Game designers spend a lot of time concerning themselves with what game players are looking for in a computer game. What can they put in their computer game that has not been done before and will excite players? Often game designers are so bereft of an idea of what will be fun and what gamers want that they instead only include gameplay ideas that have been tried before, rehashing what was popular with game players last year. Surely if players liked it last year, they will like it this year. But therein lies the rub. Gamers generally do not want to buy a game that is only a clone of another game, a "new" game that only offers old ideas and brings nothing original to the table. Nonetheless, successful games can be useful, not for cloning, but for analysis. As game designers, we can look at the games that have come out previously, that we have enjoyed in years past, and try to determine a set of directives that explain what compelled us to try those games in the first place, and why they held our interest once we started playing them.

Why Do Players Play?

The first question we should consider is: why do players play games? Why do they choose to turn on their computer or console and run Halo instead of visiting the art museum or going to see a movie? What is unique about computer games versus other human entertainment media? What do games offer that other activities do not? It is by understanding what is attractive about games that other media do not offer that we can try to emphasize the differences that separate our art form from others. To be successful, our games need to take these differences and play them up, exploiting them to make the best gameplay experience possible.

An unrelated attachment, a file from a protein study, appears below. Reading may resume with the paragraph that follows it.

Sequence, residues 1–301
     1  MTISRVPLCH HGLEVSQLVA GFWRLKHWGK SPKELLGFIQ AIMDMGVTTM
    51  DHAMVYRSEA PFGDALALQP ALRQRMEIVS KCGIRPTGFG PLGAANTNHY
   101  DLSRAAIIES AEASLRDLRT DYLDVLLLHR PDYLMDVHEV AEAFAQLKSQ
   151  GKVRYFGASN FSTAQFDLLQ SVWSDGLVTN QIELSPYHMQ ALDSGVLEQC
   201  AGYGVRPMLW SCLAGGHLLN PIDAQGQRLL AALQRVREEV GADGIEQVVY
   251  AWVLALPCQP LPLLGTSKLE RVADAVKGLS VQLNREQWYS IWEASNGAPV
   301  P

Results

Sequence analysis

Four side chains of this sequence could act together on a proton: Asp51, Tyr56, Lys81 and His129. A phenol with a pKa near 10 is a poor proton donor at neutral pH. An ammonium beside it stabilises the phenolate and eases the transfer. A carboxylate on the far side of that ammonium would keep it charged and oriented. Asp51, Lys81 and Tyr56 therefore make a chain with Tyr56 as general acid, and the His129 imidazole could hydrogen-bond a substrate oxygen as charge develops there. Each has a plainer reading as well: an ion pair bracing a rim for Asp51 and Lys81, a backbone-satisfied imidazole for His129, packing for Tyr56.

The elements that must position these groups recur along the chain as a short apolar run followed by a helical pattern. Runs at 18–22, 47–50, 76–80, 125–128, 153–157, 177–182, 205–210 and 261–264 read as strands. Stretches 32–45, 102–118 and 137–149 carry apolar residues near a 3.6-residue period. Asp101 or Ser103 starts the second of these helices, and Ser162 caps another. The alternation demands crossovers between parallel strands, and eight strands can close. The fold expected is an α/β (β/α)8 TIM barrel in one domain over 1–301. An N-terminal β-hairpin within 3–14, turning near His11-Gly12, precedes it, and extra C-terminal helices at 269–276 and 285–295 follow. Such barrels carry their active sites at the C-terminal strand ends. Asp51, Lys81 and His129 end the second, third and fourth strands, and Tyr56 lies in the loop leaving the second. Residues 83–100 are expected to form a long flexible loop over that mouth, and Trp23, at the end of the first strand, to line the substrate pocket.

Players Want a Challenge

Many players enjoy playing games because they provide a challenge. This provides one of the primary motivating factors for single-player home games, where social or bragging rights motivations are less of an issue. Games can entertain players over time, differently each time they play, while engaging their minds in an entirely different way than a book, movie, or other form of art. In somewhat the same way someone might fiddle with a Rubik's Cube or a steel "remove the ring" puzzle, games force players to think actively, to try out different solutions to problems, to understand a given game mechanism.